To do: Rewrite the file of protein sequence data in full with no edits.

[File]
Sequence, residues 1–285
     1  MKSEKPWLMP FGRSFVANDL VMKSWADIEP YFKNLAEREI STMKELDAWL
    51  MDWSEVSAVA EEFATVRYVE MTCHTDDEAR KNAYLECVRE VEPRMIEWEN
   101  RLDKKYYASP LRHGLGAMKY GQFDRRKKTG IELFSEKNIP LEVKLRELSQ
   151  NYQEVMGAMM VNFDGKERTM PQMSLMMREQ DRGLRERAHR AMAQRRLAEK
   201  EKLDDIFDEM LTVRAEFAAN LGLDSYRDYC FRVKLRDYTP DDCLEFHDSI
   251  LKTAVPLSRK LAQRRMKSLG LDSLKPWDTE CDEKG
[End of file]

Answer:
Sequence, residues 1–285
     1  MKSEKPWLMP FGRSFVANDL VMKSWADIEP YFKNLAEREI STMKELDAWL
    51  MDWSEVSAVA EEFATVRYVE MTCHTDDEAR KNAYLECVRE VEPRMIEWEN
   101  RLDKKYYASP LRHGLGAMKY GQFDRRKKTG IELFSEKNIP LEVKLRELSQ
   151  NYQEVMGAMM VNFDGKERTM PQMSLMMREQ DRGLRERAHR AMAQRRLAEK
   201  EKLDDIFDEM LTVRAEFAAN LGLDSYRDYC FRVKLRDYTP DDCLEFHDSI
   251  LKTAVPLSRK LAQRRMKSLG LDSLKPWDTE CDEKG